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Russia is preparing to begin construction on its new class of nuclear-powered attack submarines. The new Laika-class attack submarine is Russia’s first brand new nuclear attack submarine in almost 50 years, however, it is currently unknown when Russian forces will receive the new submarine or how many submarines will be built.

The Russian military operates one of the largest submarine fleets in the world, including both nuclear and conventional attack submarines, ballistic missile submarines, guided-missile submarines, and more. Although as large and powerful the Russian submarine fleet may be, the Russians are heavily lacking in modern submarines, considering most of Russia’s nuclear-powered attack submarines were built by the Soviet Union during the Cold War.

The Laika class submarine is expected to replace the Akula and Victor submarine classes. The new submarine class is expected to bring Russia’s underwater attack capabilities up to par with western standards.

Developed by the Malachite Design Bureau in St. Petersburg, the Laika class submarine will displace 11,340 tons, making them much larger than the United States Navy’s Virginia class submarine at 8,700 tons, according to The Laika will likely have a top speed of 35 knots and a maximum dive capability of approximately 1,700 feet.

The submarine will have a more “exotic” design compared to western submarines. The Laika will have a wider and thicker hull, as well as a lower and longer sail compared to American submarines.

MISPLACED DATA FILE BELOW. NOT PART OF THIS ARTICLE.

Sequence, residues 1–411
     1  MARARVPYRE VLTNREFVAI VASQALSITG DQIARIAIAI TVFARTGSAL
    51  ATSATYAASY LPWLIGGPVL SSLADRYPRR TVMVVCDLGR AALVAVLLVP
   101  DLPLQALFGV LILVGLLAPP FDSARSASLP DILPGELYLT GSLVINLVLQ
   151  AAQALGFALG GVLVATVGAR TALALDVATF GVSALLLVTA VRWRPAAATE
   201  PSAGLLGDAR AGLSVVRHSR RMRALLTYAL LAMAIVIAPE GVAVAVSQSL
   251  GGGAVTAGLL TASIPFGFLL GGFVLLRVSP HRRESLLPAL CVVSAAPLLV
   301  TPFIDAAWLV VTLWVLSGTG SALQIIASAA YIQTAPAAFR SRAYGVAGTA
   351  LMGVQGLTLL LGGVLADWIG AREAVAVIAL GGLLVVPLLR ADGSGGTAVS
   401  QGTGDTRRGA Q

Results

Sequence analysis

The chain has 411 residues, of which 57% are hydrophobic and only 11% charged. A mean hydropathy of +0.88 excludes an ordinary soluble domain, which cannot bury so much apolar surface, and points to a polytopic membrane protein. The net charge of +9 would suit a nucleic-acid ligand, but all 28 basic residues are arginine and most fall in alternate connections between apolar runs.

The new submarine will feature a conformal sonar array that provides sound detection capabilities in all directions. It is also expected that the submarine will have about eight 533 millimeter torpedo tubes, as well as approximately 16 vertical launch missile silos for attacking enemy vessels and land targets.

The Russians are interested in replacing their Akula and Victor class submarines on a 1:1 basis, which would require building about a dozen Laika class submarines. This depends on the Russian economy, as well as the development process. The Russian’s Borei and Yasen class missile submarines have each spent almost twenty years in development due to a lack of funds and the complexity of the vessels.

However, even with a strong economy, it will likely take years before the first Laiku submarine will reach the Russian Navy.